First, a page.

After doing a Valve Adjustment on the Hawk 250 motorcycle I wanted to share the steps in case it helps others who are new to the process.
There are three valuable sources of information for someone who has never done this before.
- There is a valve adjustment discussion on the ChinaRiders discussion board.
- There is another similar motorcycle to the Hawk made by CSC and they have a highly detailed guide to valve adjustments. Although it doesn’t quite match up with the Hawk, it’s like 90% the same. So that helped a lot.
- Motocheez did a video about the Hawk valve adjustments which was very helpful. Here goes:
Having watched and read those I generally followed the CSC guide and referred to Motocheez’s vid as a cross reference. The following are several things to keep in mind. And by the way, it’s much scarier and seems like it’s going to be much harder than it is. So don’t be afraid to try this…
First up, I put the Hawk up on a Harbor Freight ATV / Motorcycle lift.
This specialized jack allows you to securely raise the bike up, using the frame, to a level height that makes things a lot easier. Also, you need the bike to be level as opposed to leaning on its kickstand, because when it comes time to access the crankshaft you’ll drain oil onto the floor if the bike isn’t level.
When you unbolt the valve cover on the top of the engine it will actually clear the frame just fine and there is plenty of room to work on this bike without removing the gas tank. So just take it off and stick your hands in there!
MAKE SURE AND WARM UP THE ENGINE BEFORE MESSING WITH THE VALVE ADJUSTMENT! This step is easy to forget, but its important. Just ride once around the block. You don’t want it too hot to touch, but it should be warm.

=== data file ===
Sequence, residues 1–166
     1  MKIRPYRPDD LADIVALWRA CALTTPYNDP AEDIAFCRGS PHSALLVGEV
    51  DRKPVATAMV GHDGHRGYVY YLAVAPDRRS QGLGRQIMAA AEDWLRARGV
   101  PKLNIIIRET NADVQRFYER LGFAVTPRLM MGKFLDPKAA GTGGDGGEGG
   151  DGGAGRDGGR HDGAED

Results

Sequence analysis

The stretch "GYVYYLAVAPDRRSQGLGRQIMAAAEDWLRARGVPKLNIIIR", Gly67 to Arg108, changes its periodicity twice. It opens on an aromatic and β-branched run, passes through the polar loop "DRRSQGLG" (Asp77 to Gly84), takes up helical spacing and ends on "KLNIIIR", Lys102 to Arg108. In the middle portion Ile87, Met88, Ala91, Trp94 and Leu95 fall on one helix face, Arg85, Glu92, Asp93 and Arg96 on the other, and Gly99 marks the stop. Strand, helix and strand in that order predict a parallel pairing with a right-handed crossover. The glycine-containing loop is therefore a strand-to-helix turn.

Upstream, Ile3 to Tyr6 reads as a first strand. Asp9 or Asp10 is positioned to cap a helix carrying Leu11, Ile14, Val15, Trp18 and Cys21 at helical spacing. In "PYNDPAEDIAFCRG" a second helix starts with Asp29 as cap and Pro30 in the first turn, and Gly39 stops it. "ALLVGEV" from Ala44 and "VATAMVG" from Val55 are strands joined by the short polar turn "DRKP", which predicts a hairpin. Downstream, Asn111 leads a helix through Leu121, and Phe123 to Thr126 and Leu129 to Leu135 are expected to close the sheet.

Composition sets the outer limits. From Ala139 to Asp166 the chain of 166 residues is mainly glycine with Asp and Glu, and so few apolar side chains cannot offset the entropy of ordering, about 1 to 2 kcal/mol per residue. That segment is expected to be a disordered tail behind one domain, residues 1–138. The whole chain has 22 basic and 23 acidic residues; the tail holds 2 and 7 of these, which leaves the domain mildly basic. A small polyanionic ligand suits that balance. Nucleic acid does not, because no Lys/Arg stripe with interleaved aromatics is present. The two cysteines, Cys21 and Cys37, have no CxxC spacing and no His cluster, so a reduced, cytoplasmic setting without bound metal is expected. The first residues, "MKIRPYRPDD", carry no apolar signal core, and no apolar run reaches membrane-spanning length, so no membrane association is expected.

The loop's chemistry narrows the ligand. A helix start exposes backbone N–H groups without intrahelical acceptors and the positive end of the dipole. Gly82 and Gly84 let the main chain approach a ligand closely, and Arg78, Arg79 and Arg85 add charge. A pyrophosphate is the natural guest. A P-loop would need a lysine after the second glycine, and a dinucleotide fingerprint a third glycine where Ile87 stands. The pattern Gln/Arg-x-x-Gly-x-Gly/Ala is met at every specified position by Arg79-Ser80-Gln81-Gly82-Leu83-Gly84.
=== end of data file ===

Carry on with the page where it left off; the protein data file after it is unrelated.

Motocheez put his bike in gear and turned the rear wheel manually in order to rotate the engine to Top Dead Center. I found it easier to concentrate by using the wrench method…
Using a 14mm socket and extension, turn the crankshaft COUNTER-CLOCKWISE until it comes to a marking that has a T with a line beside it. You want that line right in the center of the opening, which will indicated that you’ve reached Top Dead Center. This is the point at which both valves are closed and there is the least pressure on all of the components.
When they are at TDC they should look kind of like this. With neither one being higher than the other.
When you go to loosen the adjustment nuts with a 10mm wrench only loosen them a turn or two. You’re going to grab the threaded screw just above the nut you loosened and turn it to manually create a bit of a gap. You’re going to need to use a Feeler Gauge, so if you don’t have one – get it. This one on Amazon has the right sizes for $7.50 Prime.
Basically, you’re just going to loosen the valve adjustment a tiny bit so you can slip in the feeler and make sure its the right gap. It should be .005 on the exhaust side (nearest the pipe that wraps around the engine and goes back to the muffler), and .004 on the intake side (near the tube coming from the air filter).
That’s really about all of the tips you should need. Just be patient, follow the video and the written guide and incorporate these tips and you’ll be fine. It sounds much worse than it is. ;-)